Global stocks rally as global slowdown fears fade
World shares and bond yields rose on Wednesday as the recent recovery in oil prices and a batch of positive economic data from Australia to the United States calmed fears of a global economic slowdown.
Asian stocks hit a two-month high, Japan's and China's main indices both rose more than 4 percent, and European markets were up for the fifth day in a row, on track for their longest winning streak in five months.
Investors shrugged off further signs of weakness in global manufacturing, taking their cue instead from other indicators pointing to pockets of light amid the recent economic gloom such as U.S. construction spending, and Australian and Swiss GDP.
"Stocks are trading higher as Australian and Swiss growth figures came in better than expected. European markets have opened in the green and U.S. stocks will certainly benefit from the global risk-on trading," said Ipek Ozkardeskaya, market strategist at London Capital Group.
In early European trade the FTSEuroFirst index of leading 300 shares was up 0.7 percent at 1,3412 points .FTEU3, on track for its fifth straight day of gains.
FTSE 100 FTSE was up 0.6 percent, Germany's DAX GDAXI up by 1 percent, with France's CAC .FCHI up 0.8 percent.
Investors also continued to take heart from announcements from China earlier this week of a cut in bank reserve requirements and structural reforms to the world's economic growth engine.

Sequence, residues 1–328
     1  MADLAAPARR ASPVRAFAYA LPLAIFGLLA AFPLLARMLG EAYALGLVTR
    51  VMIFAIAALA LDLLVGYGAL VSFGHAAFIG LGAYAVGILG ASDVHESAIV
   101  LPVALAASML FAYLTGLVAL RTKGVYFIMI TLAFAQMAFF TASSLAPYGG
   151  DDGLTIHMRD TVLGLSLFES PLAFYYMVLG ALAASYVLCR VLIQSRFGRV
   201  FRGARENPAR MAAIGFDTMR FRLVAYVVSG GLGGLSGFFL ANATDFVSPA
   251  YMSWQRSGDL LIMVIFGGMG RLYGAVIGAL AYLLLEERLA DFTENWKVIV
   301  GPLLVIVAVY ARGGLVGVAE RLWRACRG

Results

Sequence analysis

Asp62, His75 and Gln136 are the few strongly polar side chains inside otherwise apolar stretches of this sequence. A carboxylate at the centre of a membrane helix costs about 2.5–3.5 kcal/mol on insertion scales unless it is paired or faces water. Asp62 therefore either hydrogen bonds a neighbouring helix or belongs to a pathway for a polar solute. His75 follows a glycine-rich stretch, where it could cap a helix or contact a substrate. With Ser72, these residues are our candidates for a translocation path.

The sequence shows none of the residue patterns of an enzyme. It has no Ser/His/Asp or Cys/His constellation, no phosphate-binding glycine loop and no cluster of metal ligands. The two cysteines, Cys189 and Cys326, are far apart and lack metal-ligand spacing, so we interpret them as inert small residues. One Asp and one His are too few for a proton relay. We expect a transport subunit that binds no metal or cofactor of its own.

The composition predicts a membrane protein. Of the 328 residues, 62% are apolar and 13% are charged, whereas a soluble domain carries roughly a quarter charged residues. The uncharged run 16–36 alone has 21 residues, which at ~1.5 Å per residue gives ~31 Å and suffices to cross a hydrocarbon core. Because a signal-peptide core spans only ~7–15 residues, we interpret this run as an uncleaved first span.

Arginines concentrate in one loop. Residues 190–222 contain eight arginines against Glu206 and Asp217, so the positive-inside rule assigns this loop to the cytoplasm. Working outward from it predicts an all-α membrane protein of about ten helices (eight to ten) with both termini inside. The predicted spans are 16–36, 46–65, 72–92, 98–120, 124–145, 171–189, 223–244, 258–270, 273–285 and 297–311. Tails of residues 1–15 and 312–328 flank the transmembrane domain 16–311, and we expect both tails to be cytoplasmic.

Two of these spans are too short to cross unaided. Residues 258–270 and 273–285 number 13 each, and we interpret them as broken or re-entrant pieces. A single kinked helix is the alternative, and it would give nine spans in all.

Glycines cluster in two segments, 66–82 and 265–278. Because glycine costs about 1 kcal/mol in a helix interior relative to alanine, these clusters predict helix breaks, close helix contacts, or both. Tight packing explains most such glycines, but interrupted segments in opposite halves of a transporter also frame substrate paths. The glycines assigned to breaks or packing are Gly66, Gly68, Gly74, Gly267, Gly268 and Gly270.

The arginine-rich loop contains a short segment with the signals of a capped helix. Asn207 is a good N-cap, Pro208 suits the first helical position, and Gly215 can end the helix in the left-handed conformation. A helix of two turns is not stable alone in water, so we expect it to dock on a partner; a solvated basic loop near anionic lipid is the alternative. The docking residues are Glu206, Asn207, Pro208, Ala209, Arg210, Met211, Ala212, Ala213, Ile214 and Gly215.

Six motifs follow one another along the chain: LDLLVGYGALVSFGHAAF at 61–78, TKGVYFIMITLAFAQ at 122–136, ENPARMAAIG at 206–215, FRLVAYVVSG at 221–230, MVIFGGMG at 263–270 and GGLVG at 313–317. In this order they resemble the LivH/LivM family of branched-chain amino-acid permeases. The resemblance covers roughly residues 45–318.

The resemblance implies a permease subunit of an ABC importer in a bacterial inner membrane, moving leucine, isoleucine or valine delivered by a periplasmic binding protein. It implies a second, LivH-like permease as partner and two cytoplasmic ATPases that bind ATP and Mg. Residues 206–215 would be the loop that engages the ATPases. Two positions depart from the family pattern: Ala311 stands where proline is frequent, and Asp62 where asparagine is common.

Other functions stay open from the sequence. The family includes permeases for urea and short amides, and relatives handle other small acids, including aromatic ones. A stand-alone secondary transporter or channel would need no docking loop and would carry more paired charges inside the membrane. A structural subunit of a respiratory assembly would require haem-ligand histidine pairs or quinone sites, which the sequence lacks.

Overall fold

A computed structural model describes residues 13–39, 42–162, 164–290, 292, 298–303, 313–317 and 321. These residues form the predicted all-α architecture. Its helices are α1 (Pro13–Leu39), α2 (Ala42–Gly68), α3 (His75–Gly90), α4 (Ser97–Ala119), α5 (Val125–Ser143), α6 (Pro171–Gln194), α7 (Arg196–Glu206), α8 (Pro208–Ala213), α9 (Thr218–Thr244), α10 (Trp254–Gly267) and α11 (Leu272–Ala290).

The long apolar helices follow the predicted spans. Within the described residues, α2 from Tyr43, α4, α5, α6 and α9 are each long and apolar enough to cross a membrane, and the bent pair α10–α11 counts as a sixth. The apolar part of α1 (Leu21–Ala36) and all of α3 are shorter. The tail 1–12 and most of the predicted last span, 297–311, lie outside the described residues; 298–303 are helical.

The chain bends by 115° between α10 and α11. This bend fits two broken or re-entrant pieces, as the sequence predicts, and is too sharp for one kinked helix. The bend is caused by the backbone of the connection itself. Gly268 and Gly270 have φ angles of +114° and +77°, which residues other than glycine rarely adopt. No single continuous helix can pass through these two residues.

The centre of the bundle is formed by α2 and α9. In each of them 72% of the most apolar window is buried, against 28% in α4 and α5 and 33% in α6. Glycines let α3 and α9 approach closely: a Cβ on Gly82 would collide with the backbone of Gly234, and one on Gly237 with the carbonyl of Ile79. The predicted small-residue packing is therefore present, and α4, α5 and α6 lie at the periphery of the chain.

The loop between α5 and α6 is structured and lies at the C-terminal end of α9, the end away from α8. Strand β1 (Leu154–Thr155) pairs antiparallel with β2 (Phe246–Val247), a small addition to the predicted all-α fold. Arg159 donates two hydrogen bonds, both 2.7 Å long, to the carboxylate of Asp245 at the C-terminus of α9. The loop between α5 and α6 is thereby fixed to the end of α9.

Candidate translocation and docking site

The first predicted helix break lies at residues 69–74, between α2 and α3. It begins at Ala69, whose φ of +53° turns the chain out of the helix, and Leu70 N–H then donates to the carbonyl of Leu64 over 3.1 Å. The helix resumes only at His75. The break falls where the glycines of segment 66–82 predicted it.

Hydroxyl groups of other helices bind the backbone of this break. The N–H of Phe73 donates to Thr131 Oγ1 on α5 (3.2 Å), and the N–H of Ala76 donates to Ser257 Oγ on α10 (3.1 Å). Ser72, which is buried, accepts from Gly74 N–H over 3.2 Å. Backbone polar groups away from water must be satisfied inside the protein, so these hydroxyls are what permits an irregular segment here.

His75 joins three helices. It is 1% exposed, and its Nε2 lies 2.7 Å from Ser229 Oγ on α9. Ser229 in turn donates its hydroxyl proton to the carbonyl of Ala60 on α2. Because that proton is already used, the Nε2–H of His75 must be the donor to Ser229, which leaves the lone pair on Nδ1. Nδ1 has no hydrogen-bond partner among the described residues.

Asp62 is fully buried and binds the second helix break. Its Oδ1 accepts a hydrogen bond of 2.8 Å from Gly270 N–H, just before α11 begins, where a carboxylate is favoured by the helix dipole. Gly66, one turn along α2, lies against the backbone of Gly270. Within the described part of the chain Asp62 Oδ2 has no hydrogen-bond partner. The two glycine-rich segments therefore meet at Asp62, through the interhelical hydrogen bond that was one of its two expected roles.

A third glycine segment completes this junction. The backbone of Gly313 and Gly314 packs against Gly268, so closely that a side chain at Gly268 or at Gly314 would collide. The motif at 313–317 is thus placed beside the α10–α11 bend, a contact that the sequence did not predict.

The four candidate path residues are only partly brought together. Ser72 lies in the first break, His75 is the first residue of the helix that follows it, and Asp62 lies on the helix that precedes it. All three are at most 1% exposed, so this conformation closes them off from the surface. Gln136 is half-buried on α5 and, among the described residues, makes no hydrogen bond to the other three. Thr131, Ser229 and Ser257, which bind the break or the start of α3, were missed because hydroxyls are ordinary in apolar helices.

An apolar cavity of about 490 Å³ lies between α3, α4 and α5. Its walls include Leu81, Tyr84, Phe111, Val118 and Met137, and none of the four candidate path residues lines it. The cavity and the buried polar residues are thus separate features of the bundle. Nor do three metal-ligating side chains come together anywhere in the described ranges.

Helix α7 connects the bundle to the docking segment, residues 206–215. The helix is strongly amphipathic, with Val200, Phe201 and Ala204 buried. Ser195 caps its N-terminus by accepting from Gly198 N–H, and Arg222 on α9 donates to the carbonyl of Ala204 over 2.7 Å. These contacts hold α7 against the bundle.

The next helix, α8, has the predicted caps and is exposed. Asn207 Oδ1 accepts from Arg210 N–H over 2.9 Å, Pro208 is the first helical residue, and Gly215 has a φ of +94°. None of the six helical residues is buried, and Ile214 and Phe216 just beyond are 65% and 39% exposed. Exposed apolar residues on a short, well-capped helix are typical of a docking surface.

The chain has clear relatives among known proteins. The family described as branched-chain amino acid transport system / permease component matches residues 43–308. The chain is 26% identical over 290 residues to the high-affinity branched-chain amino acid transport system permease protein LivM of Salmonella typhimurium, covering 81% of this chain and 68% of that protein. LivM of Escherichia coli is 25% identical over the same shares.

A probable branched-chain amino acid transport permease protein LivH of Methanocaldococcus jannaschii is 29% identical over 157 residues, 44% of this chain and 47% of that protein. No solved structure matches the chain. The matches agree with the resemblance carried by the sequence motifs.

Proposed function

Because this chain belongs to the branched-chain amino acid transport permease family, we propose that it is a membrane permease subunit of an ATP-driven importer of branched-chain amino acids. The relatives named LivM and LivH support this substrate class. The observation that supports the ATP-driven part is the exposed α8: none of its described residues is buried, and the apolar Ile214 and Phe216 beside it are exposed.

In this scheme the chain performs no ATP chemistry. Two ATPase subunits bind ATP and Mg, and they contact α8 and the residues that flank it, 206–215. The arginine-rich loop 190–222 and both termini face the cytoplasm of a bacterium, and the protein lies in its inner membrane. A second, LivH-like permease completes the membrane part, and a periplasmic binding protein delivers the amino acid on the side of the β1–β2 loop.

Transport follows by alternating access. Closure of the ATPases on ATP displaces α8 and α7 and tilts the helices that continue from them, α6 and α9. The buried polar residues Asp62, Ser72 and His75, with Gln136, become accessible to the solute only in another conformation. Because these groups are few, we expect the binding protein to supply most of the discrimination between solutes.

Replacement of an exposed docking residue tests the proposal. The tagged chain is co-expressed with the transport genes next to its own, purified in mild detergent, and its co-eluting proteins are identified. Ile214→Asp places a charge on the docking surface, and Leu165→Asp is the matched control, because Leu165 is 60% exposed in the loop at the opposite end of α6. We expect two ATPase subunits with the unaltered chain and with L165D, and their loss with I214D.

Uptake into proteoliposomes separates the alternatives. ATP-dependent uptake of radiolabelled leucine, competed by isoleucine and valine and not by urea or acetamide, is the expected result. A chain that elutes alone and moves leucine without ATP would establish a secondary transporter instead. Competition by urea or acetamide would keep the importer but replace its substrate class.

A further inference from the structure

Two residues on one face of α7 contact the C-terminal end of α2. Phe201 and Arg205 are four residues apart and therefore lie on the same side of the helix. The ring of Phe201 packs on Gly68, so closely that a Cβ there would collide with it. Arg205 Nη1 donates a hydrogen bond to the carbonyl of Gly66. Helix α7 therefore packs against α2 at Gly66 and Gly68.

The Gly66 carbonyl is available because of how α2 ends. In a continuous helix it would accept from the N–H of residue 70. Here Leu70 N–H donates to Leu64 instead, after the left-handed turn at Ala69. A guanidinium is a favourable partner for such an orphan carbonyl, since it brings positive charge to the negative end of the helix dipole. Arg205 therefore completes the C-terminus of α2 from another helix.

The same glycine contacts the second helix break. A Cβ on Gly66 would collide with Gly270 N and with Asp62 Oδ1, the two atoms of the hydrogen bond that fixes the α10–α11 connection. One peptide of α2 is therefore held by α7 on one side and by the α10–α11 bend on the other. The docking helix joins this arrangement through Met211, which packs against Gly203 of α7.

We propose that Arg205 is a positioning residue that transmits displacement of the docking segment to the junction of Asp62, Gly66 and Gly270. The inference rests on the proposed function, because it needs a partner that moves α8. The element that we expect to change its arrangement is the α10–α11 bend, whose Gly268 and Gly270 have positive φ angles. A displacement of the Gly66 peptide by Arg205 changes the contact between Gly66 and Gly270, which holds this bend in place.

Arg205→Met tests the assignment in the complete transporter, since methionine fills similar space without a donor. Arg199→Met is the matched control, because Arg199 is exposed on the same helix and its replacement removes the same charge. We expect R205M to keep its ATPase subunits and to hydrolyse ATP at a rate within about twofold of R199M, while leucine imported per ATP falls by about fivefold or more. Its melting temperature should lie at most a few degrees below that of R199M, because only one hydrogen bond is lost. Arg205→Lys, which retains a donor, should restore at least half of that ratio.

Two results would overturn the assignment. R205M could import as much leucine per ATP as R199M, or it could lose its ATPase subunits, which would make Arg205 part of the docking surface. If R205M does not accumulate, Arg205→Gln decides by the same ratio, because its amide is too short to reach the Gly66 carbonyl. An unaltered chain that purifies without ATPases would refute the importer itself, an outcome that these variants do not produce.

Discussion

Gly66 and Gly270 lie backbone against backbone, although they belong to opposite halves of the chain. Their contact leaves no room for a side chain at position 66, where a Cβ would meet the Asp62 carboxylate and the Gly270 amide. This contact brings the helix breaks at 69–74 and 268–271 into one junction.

Japan's Nikkei .N225 was up 4 percent, Hong Kong's HangSeng Index .HSI rose 3 percent and China's main bourses had their best day so far this year, rising more than 4 percent .SSEC .CSI300.
MSCI's broadest index of Asia-Pacific shares outside Japan rose 2.4 percent to its highest levels since January. 7, and building on gains in the previous session. MSCI's broadest gauge of the world's stock markets also rose to highest level in almost two months.
The Institute for Supply Management's (ISM) index of U.S. factory activity, a closely watched measure of the American manufacturing sector, rose more than expected last month. It also edged up for two months in a row, appearing to have snapped its almost continuous decline since late 2014. U.S. construction spending rose to the highest level since October 2007 while solid GDP data from Canada and Australia and Switzerland on Wednesday helped.
The data helped lift the U.S. S&P 500 Index .SPX 2.39 percent to an eight-week high of 1,978.35. Stock futures pointed to a broadly flat open on Wall Street. It also lifted expectations of a U.S. rate increase this year with interest rate futures effectively pricing in a full chance of a rate hike this year. Even Moody's downgrade of its outlook on Chinese government debt to "negative" from "stable" failed to puncture the renewed sense of cautious optimism.
If anything, investors are taking heart from the prospect of more stimulus from Beijing in the coming weeks, as well as the European Central Bank as early as next week.
"The countdown to the ECB meeting begins and the poor inflation and core inflation numbers from the euro zone points to more easing from (ECB president) Mario Draghi," said David Madden, market analyst at IG in London. Investors unwound bets in safe-haven assets such as government bonds, with the 10-year U.S. Treasuries yield rising to a two-week high of 1.84 percent.